Cheticamp River Bridge Replacement

LOCATION: Cheticamp, NS

CLIENT: Public Works and Government Services Canada

VALUE: $7.5M

YEAR: 2010

ROLE: Preliminary and Detailed Bridge Designers


Project Description

The former Cheticamp River Bridge consisted of a four simple span riveted steel girder, reinforced concrete deck superstructure, founded on three in-river concrete piers and concrete abutments and retaining walls located at each end of the bridge. The structure underwent several stages of rehabilitation, but in 2006 after a detailed inspection it was recommended that the 73 meter long structure be completely replaced.

In response to the recommendations, PWGSC issued a call for proposals for the replacement of the Cheticamp River Bridge in 2008. The project objective was to remove and replace the existing Cheticamp River Bridge in an efficient, cost-effective and environmentally friendly manner and to realign the approaches on each side of the bridge to NSTIR standards. With the bridge located at the entrance to the Highlands National Park, it was essential that the replacement structure and realigned approaches be aesthetically pleasing, blend with the National Park setting and incorporate elements that would distinguish the structure as the entrance to the Cape Breton Highlands.

Replacement Structure

After a preliminary design stage that evaluated several options, it was determined that a long simple span twin trapezoidal steel box girder bridge, complete with a composite precast concrete deck system best satisfied the project objectives. The replacement bridge is an 81.5 m single span structure on a 34 degree skew with semi-integral abutments founded on steel pipe piles driven to refusal in bedrock. To mitigate the construction schedule a full-depth composite concrete deck was designed to allow panel fabrication to take place in parallel with girder fabrication and eliminate the need for expensive suspended formwork. HEC created comprehensive three dimensional finite element models to complete the bridge design, evaluate skew effects in the girders and bearings, determine seismic effects, and to determine load effects during the phased construction procedure.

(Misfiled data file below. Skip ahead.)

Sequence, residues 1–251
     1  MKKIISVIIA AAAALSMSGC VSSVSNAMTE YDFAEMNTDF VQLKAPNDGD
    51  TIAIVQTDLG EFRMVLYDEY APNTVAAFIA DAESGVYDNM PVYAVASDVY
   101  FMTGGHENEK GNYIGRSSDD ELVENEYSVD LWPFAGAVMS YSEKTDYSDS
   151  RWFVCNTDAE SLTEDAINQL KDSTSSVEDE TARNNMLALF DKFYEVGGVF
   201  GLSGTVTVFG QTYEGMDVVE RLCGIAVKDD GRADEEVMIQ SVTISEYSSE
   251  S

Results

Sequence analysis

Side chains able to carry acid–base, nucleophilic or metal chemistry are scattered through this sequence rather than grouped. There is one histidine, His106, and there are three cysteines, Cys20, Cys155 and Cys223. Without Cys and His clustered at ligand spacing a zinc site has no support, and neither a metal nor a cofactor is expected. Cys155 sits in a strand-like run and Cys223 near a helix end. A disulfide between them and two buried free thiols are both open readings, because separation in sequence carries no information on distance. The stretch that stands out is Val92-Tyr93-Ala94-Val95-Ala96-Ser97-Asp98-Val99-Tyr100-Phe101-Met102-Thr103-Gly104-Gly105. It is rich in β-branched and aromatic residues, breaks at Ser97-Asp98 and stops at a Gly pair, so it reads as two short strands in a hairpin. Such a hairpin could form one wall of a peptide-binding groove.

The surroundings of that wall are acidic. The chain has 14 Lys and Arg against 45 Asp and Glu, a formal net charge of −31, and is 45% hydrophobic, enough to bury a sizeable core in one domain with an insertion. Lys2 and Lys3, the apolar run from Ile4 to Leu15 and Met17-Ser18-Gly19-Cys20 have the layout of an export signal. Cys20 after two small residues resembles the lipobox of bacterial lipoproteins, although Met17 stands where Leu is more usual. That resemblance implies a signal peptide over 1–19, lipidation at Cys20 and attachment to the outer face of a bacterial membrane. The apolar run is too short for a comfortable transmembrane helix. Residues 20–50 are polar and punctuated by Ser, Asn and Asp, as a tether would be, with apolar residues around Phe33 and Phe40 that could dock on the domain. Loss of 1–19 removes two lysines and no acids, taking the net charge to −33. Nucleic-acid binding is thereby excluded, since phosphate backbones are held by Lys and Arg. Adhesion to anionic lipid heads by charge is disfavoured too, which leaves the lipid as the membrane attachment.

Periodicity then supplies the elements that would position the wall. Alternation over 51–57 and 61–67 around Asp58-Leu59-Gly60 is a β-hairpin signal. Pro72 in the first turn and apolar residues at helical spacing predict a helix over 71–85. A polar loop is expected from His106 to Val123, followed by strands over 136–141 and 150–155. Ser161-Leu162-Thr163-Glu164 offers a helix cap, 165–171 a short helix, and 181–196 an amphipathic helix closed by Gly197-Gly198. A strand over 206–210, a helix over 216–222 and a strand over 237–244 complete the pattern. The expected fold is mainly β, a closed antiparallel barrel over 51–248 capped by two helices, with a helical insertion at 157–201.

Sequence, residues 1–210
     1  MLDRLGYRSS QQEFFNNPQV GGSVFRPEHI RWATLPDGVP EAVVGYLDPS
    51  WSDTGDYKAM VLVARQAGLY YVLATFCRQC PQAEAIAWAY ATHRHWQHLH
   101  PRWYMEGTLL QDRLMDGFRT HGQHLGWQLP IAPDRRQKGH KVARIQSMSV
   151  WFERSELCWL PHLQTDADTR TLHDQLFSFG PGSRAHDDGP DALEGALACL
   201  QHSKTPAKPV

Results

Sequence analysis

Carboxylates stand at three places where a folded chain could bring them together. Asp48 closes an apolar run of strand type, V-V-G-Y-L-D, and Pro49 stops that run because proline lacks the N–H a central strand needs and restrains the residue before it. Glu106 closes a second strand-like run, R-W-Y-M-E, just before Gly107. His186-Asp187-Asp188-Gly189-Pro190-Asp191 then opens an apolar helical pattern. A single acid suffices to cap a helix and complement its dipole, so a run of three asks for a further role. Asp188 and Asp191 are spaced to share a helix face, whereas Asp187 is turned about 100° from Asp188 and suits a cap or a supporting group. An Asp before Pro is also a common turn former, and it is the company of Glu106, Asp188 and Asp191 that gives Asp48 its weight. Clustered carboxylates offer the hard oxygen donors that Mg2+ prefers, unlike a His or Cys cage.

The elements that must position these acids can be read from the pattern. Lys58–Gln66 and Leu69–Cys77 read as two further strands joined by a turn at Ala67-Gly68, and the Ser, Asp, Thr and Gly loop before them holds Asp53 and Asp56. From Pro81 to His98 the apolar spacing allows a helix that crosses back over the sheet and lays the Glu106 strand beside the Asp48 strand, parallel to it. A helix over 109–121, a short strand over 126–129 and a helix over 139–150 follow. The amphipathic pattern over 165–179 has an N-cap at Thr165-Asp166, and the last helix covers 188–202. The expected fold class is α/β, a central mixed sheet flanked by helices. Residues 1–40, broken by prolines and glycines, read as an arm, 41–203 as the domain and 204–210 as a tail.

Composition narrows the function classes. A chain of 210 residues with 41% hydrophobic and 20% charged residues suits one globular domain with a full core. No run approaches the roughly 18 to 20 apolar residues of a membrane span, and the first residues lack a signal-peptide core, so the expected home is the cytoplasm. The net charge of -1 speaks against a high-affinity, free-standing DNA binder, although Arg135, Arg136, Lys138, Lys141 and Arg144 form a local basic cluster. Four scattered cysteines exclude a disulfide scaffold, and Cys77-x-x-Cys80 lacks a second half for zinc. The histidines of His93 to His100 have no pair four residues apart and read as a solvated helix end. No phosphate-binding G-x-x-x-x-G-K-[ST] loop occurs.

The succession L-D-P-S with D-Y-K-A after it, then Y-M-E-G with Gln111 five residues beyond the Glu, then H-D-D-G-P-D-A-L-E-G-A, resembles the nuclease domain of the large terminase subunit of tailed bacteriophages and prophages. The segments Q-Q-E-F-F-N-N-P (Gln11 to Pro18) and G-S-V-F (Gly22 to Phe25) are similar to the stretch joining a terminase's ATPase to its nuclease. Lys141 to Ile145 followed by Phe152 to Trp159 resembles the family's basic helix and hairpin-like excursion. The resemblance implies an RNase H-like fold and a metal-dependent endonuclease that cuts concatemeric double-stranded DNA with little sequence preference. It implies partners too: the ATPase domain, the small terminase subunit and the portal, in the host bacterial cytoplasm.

The replacement bridge satisfied several of the key objectives of the project, including:

  • The bridge was completed on schedule and within the PWGSC budget;
  • Aesthetics was an important factor given the prominence of the bridge with respect to the entrance to the park. The clean, sleek look of the box girders serves as an appropriate entrance into the Highlands National Park and enhances the image of PWGSC in the region. Open PL-2 rated steel barriers and decorative crash blocks were detailed to improve aesthetics and visual planes for bridge users and concrete texturing on all exposed surfaces was utilised to provide a finished look to the structure;
  • The use of a long single span structure minimized environmental impacts in an important salmon river;
  • The removal of the existing piers in the river allowed the river to return to a more natural state and improved flow of water through the bridge structure, particularly during high water conditions during spring thaw;
  • The long single span stable slope option allowed for the phased construction method to be used, minimized the construction footprint and allowed a portion of the existing structure to be used as the detour for traffic during construction until the new bridge was completed; and
  • It is also the only option that allowed construction to begin in November 2009 and be completed in October 2010. All other options required in water work at the start of construction and therefore the start of construction would have to be delayed until the following July due to the mandated time frame for in water work.

Phased Construction Procedure

40% of the existing bridge was demolished and the remaining 60% was kept open to traffic as a one way alternating detour while construction of the new bridge progressed. With part of the new structure complete, traffic was diverted to the new structure and demolition of the old structure was completed. This option eliminated the need for a new, separate detour structure and thereby minimized the overall project cost as well as the impact on the environment and private land owners. The option did complicate the construction by bringing traffic and construction close to each other however, well thought out construction phasing, included on the project drawings, minimized/eliminated problems during construction.

Additional Services Provided by HEC

In addition to the river bridge design, HEC was also responsible for the design of the temporary lagging retaining walls along each approach, the design of the underpass structure immediately east of the river bridge, and the erection design for the 81.5 m steel box girders.

Awards and Recognition

HEC was awarded the 2011 CISC Atlantic Chapter Steel Design Award for Engineering Excellence for the design of the Cheticamp River Bridge.